The Basics

I know within a few minutes of meeting someone whether or not I want to fuck them. Something in their smile or their posture or the way they greet me either gives me a boner, or it doesn’t.  I usually need to hear a hello or a few words to warm me to the idea of being intimate with someone – but when The Engineer walked into our dorm room in Rwanda, one glance was all it took.  I’d been restlessly horny all day, and I thanked the universe for dropping a tall, handsome man conveniently into my room.

We were the only two in a twelve-bed dorm; he asked if I wanted to join him for dinner, and I fantasized about him in the shower beforehand, sliding fingers through my slippery folds. When, after two beers, he asked if I’d like another, I said, “No, and I don’t think you should have one, either – I think we should fuck first and then have another.” The bed creaked and banged against the wall as I rode him; I’m 100% sure the entire hostel staff heard my moans and whimpers, and I didn’t care. We went back out and had a celebratory beer before bed while chatting about our travels.

It was supposed to be a one-night stand.  He was supposed to go off on a hike the next day… but he stayed.  We spent the day walking along Lake Kivu, coming back to the hostel to fuck in the shower and on a bunk bed ladder (great for the height difference!), then changed rooms and fucked in the bay window, in the bathtub, on the huge bed.  We slept next to each other, waking up early to have sex one more time before I walked to the Congolese border.

I came back to our guesthouse in Rwanda three days later, then shortly took off for another hike the day he was returning from one; he stayed.  When I returned, he was sitting in the common area; he didn’t expect to see me, so when I ran in and flung myself into his arms, it took us an hour to get off the couch.  We went to Kigali together and spent four days mostly eating, drinking wine, and exploring each other’s bodies instead of the city (corporal tourism?).

He took me to the airport at midnight, and it was a hard goodbye; when you develop feelings for someone while in a novel or challenging situation, the feelings can be pretty intense.  We stayed in touch every day after that; when I messaged him asking him to come to Barcelona in July, he said that July was too far away and he wanted to see me sooner… and then proceeded to spend four days traveling overland by boat, bus, and minivan from Zanzibar to the southern end of Lake Malawi, where we spent a week on the beach, drinking cocktails, swimming, fucking like field mice, and being super handsy in public.  By the end of that week, after telling folks in the guesthouse that we were on our honeymoon (it sure felt like it), I was in deep.  We both were.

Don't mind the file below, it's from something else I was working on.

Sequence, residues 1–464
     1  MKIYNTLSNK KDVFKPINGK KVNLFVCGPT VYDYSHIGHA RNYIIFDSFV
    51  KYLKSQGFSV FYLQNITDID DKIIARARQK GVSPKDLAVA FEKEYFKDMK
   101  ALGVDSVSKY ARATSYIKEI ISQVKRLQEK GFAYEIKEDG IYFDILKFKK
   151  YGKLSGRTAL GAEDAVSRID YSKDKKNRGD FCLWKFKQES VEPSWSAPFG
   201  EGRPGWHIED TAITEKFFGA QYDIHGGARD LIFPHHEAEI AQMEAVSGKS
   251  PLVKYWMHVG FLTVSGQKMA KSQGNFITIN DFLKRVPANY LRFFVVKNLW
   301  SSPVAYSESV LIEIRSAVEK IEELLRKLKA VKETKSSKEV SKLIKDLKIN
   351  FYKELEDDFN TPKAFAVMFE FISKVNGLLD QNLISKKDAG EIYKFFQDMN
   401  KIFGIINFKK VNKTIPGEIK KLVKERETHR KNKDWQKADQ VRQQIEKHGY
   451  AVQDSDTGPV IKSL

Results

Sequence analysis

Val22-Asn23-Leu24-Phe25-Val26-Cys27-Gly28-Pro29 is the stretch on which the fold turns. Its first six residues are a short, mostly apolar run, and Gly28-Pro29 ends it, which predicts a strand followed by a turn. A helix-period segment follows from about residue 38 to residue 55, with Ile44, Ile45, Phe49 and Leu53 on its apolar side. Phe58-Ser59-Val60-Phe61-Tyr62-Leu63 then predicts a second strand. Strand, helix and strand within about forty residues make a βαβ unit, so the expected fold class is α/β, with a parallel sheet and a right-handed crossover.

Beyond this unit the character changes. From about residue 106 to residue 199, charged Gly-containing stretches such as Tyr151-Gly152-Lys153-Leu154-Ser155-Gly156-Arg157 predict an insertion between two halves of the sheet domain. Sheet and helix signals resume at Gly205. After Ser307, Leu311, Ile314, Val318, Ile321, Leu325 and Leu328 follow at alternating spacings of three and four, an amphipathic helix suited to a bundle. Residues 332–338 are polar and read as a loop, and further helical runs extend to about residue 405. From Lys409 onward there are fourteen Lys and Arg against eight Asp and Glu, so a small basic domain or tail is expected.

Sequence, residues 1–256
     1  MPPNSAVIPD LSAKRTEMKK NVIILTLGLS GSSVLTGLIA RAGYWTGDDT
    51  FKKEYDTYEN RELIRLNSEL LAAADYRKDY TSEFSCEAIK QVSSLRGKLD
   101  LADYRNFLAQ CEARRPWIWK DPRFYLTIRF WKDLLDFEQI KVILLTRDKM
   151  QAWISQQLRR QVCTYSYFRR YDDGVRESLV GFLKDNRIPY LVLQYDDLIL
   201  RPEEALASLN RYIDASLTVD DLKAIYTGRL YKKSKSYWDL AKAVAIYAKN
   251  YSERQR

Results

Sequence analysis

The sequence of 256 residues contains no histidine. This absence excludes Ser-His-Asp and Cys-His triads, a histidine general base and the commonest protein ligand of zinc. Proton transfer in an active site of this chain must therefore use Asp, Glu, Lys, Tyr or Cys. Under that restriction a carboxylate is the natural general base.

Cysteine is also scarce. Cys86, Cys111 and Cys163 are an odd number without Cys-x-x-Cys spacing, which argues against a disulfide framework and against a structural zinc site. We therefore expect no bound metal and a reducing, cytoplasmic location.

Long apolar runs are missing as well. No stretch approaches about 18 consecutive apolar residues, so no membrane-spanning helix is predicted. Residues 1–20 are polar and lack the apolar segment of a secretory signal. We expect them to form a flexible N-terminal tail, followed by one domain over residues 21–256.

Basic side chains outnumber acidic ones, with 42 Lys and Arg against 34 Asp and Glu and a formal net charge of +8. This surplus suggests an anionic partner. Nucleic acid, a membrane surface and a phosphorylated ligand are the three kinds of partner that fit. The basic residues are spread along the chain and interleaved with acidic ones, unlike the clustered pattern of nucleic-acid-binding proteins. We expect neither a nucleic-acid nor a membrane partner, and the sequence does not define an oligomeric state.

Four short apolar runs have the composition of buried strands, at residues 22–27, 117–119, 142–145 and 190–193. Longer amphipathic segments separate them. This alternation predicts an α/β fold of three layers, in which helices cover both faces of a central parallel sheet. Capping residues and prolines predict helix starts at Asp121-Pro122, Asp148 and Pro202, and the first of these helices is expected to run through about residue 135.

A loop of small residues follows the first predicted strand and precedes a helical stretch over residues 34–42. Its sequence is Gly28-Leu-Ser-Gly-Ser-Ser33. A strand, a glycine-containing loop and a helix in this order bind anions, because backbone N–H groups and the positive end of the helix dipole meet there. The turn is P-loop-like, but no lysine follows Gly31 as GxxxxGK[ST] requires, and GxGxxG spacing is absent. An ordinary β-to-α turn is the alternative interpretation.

He took me to the airport again in Lilongwe, and the goodbye was much harder, even though I was sure we weren’t done seeing each other – and we weren’t. He called me when I was in Spain to tell me he was coming to Ireland with me at the tail end of my trip.  He flew over his home to travel with me in a country he’d never been to, even though he was homesick. He met me at the airport with roses; we rented a car and spent eleven days driving through the countryside, staying in bed and breakfasts, cooking for each other, listening to amazing live music, and playing.  We dropped the L word on day five after walking along the Cliffs of Mohor, and when we parted, he gave me a framed photo of us that he’d taken with his phone on the second day we’d been together back in Rwanda.

I’m not someone who believes in fate.  I don’t believe in soulmates, and I certainly don’t believe in The One. But I do feel pretty lucky that we happened to be in the same place at the same time.  Being with him is so easy; I feel emotional security AND physical lust at the same time, which is strange and wonderful.  I feel prioritized, valued, and deeply cared for, and that’s something I haven’t experienced since the last time I lived in the US.  This is good.  It’s really good.  And it’s not over yet – not by a long shot.

Gratuitous sex stories to come!

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Transitions

I’ve mentioned this briefly in a lot of posts over the last six months, but here it is again for good measure: I’m leaving South Korea.